Any smart investor knows that technology can’t be ignored – no matter what industry you’re in. Technological solutions are disrupting every sector, even as something as mundane as our morning commute. As noted in a recent Medium article, urban mobility is definitely a market that can’t be ignored. Not only was it the main topic at CES, the world’s largest technology trade show, companies like Samsung, Intel, and Cisco are also investing in solutions for urban mobility problems.
In a recent McKinsey report on urban mobility, experts noted that when cities neglect their transit issues “businesses, residents, and cities all suffer, and the economic costs are high—as much as 2 to 4 percent of city GDP, in the form of lost time, wasted fuel, and higher costs of doing business.” Traffic and transit problems are costing all of us money.
And so it’s no surprise that new technology is helping with urban mobility. In every transportation sector, technology is helping to solve crowded cities’ biggest problem. Technological advances as big as city-wide traffic sensors down to the latest smartphone app are reshaping the way the public commutes, travels, and moves about cities all over the world. This trend isn’t just convenient; it’s necessary as noted in the previous McKinsey report: “Individuals and businesses are going to have to use roads and other assets better and be ready to adopt new technologies.” The time is now to use technology to help with urban mobility.
Let’s take a look at how technology is already reshaping how we travel in cities:
While Uber and Lyft have disrupted the ride sharing and taxi industry, they’re not the only technological solutions helping to reduce congestion on crowded roads. ZipCar and Car2Go are popular car sharing solutions that have evolved with mobility demands, moving from a fixed drop off and return location, to a more flexible free-floating fleet of vehicles. But while there are these solutions, the growing global middle class is predicted to contribute to the doubling of car owners by 2030(Energy Journal, 2007). And since many of these new car owners will be in already crowded cities, other modes of transport must be considered.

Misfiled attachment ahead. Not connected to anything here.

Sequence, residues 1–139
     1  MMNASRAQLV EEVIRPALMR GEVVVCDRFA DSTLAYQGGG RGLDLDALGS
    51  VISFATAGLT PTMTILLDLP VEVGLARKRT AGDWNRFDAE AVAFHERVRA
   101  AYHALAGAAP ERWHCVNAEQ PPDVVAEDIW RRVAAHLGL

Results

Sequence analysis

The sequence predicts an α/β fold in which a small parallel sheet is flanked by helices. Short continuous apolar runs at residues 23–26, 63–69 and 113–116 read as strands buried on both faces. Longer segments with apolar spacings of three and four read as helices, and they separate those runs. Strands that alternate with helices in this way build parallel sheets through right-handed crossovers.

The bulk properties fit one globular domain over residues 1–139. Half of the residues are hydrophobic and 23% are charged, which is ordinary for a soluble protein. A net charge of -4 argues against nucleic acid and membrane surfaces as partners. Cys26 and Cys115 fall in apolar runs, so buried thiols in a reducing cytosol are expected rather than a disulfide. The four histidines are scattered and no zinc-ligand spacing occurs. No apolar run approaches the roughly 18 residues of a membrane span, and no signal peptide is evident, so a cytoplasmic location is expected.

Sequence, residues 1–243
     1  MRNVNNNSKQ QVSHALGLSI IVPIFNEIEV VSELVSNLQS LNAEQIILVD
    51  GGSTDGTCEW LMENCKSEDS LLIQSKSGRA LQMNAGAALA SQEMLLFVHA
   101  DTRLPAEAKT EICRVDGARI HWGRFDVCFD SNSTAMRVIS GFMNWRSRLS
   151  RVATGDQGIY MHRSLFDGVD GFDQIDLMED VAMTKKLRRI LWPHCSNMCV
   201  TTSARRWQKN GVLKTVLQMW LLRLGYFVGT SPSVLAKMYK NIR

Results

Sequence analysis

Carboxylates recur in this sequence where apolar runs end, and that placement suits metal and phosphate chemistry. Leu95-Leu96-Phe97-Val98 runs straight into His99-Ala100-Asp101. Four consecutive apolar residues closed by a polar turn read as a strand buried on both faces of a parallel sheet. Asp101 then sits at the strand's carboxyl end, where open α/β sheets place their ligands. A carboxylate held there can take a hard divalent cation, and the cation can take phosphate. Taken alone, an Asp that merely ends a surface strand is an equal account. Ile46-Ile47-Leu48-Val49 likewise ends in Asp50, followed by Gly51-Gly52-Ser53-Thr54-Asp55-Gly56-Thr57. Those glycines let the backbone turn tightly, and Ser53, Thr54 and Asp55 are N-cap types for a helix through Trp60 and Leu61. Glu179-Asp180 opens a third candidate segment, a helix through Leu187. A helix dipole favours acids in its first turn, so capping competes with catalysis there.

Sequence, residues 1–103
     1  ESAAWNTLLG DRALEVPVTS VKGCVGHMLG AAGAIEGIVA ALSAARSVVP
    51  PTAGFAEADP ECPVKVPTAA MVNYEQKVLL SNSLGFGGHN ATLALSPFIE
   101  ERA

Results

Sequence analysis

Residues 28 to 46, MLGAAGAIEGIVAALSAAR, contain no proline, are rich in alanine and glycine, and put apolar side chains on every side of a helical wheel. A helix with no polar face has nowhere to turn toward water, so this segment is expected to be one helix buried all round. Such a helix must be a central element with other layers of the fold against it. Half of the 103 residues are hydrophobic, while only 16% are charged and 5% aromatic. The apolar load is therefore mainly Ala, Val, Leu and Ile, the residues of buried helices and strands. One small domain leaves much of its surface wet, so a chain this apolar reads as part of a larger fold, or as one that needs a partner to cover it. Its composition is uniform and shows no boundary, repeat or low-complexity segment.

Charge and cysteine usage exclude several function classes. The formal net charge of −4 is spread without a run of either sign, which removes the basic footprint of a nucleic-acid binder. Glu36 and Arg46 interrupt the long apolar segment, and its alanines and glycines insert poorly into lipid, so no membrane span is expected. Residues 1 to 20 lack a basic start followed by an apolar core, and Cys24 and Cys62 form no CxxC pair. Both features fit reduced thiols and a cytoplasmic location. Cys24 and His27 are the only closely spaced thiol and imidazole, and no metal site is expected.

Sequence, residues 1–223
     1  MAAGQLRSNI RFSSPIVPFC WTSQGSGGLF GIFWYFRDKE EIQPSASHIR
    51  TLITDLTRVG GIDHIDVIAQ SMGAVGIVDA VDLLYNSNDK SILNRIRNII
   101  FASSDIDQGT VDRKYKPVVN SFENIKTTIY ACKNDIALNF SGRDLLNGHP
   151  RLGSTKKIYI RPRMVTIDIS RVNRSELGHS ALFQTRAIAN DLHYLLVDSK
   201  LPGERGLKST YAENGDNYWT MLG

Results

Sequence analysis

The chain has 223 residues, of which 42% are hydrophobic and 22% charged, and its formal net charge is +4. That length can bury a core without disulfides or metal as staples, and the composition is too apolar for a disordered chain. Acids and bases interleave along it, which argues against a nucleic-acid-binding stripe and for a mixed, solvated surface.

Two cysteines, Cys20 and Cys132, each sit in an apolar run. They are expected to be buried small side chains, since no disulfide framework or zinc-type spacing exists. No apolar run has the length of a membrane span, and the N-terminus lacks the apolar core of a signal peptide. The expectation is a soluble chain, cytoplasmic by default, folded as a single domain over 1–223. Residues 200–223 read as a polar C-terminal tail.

One of those other modes is public transportation. Technology has changed the way commuters use subways, metros, and other forms of public transportation, including e-ticketing options which alleviate lines at the boarding point, as well as larger scale predictive maps that allow commuters to track their bus routes, allowing for seamless mobility as they step off the bus. But even though cities have made great strides with public transport solutions, they still have a long way to go to ensure that travelers have easy transitions between car, subway, train, and other modes of transport. When asked why they don’t take public transport more often, most city dwellers say that inconvenient routes are a huge deterrent.
Just as the growing middle class around the globe is buying more cars, there is an opportunity for more travelers to use helicopter transport as a means of travel. Once reserved for the luxury jet-setter, helicopter travel is now easily accessible and cost effective for more commuters because of technology. The BOOKmyHELO app allows users to book empty legs on helicopter trips, enabling them to book a transfer that avoids traffic and congestion in cities around the world. Business travelers are already seeing its benefit, but as more and more people begin to use this technology, investors, city planners, and government officials will see a true disruption in urban mobility.